In January of this year I wrote an article titled “A Better New Year?” The article described fatality statistics in the construction industry. If you will recall, in 1997 there were almost 700 fall related deaths which means that, on average, there were at least two deaths per workday attributed to falls! OSHA statistics indicate that typically 19 per cent of these fall fatalities were from scaffolds; in other words, approximately every two workdays a worker dies due to a fall from a scaffold.


Needless to say, there’s room for improvement. The Federal Occupational Safety & Health Administration, (OSHA), has addressed this concern in both Subpart M, Fall Protection, and Subpart L, Scaffolds, by issuing standards that set the minimum requirements for fall protection for exposed workers. While there are a number of methods for minimizing fall hazards, Personal Fall Protection Systems and Guardrail Systems are two of the most common methods that are used. Interacting with these two methods is another aspect of fall protection that is equally important as the hardware, and that is training.


Remembering that fall protection has been required for users of scaffolds since at least 1971, (and certainly before that if you choose to comply with the American National Standards Institute (ANSI) standards), it should be amazing that any scaffold users fall from scaffolds. And yet, we haven’t figured it out yet. Users are still falling in spite of all the requirements. Erectors are falling too. Again, using the OSHA statistics, 11 per cent of scaffold fall fatalities are erectors. That works out to about one erector every three weeks who dies falling off a scaffold. Seems to me that this fact would be good justification for addressing fall protection for erectors.


Safety on the jobsite is based on a number of assumptions. The first assumption is that the standards, regulations, guidelines, and practices are correct and accurate. The second assumption is that the regulations are enforced equally, accurately, and correctly. The third assumption is that those responsible for enforcement are knowledgeable and properly trained. The fourth assumption is that workers are properly trained, knowledgeable, and conscientious. The fifth assumption is that the equipment is designed, manufactured, installed, and used correctly. The sixth assumption is that the first five assumptions aren’t necessary for jobsite safety. Therein lies the problem. If any of the first five assumptions is considered invalid, and consequently not met, safety is compromised and fatalities occur.


Are we assuming too much? Is it possible that the standards are inadequate and that these standards somehow cause fatalities instead of preventing fatalities? As far as I know, there is no evidence of inadequacies in the standards; therefore we are not assuming too much in expecting the standards to be minimum expectations for behavior.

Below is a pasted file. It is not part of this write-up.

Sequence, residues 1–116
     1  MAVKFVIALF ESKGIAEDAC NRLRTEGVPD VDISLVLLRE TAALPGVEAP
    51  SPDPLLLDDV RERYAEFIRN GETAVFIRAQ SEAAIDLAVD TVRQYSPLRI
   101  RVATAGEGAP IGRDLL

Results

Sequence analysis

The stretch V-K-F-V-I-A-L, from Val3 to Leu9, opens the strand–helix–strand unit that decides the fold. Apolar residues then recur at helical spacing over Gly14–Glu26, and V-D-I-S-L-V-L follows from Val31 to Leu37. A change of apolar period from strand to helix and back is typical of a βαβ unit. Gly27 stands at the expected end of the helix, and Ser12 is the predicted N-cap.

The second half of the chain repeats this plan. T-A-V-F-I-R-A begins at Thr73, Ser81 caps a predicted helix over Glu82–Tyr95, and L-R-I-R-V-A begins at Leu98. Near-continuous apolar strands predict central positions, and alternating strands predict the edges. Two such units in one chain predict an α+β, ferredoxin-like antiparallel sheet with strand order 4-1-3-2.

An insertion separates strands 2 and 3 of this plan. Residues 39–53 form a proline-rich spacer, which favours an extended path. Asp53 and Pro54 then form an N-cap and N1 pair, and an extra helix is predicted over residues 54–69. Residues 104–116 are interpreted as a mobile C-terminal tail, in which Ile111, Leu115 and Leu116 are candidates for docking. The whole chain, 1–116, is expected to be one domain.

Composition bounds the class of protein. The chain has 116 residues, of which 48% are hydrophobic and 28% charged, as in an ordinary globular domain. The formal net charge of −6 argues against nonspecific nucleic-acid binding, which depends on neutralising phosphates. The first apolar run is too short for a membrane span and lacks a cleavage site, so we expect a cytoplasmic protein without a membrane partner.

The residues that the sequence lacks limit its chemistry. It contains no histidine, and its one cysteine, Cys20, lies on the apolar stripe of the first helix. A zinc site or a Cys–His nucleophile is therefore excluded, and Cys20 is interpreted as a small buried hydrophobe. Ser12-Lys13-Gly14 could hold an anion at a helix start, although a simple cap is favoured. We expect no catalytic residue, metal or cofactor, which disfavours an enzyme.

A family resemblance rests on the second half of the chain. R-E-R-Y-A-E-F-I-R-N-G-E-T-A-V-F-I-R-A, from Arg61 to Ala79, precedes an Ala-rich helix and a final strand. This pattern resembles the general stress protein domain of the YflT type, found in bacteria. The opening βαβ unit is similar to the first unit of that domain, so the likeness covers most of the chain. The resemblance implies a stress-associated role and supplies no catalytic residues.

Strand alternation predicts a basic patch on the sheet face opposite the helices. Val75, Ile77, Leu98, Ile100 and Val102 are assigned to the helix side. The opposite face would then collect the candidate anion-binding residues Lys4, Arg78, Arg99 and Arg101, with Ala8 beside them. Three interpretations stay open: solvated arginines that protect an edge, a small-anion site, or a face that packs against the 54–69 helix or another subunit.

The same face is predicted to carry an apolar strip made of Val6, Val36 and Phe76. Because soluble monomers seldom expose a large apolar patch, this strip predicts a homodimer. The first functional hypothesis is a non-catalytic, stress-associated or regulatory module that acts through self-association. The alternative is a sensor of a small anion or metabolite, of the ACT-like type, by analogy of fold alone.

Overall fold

It may be too much to expect equal enforcement of the standards but that has more to do with how often we choose not to meet the standards. In the case of fall protection, we may choose not to employ fall protection measures for a variety of reasons, some valid, some not. Obviously, to say fall protection for erectors cannot be done is the easy answer to a complex question. On the other hand, requiring workers to tie off without a thorough analysis of the situation is equally as hazardous. Consequently, proper evaluation and accurate enforcement of the fall protection standards requires trained personnel, which leads to the third assumption.


How can we expect proper enforcement if we don’t give the enforcers proper training and tools. Is it reasonable to expect anyone to have a thorough knowledge of all the standards, especially when we (that’s all of us) don’t provide funding for the training? How well do you know the standards? Do you know how many there are? I believe that the individual charged with the implementation of compliance with the standards and regulations has a formidable job! In fact, to assume that any individual can master all the standards is unrealistic.


Assuming that the workers are properly trained is a huge assumption that is rarely fulfilled. The evidence shows that we have a long way to go in getting the worker to use proper fall protection, in getting the scaffold erectors to understand proper fall protection techniques, and getting owners to cooperate in providing the hardware so that fall protection can be provided. What’s the evidence? A death every two workdays.


The fifth assumption, that the equipment is designed, manufactured, installed and used correctly assumes many things. While fall protection equipment typically is designed and manufactured to a high degree of sophistication and reliability, improper installation and use can, and does, negate those qualities. Since the user may be untrained, the installation, and therefore the use, of the equipment may be wrong. If all that is wrong, then the potential for death greatly increases, proving that the best efforts by some can easily be negated by the incompetence of others.


Finally, assuming that proper standards, proper enforcement, proper training, and proper equipment are not necessary, is the biggest mistake. We are all in this together, whether we like it or not. What have you done this year to ensure that the standards are accurate, the implementation of those standards is accurate, that those charged with the implementation have the training and tools to do so, that the workers are properly trained, (as required by the standards,) and the equipment is used properly? Good fall protection equipment is useless in the hands of untrained users; good fall protection standards are useless in the hands of untrained users. So, how are we doing?

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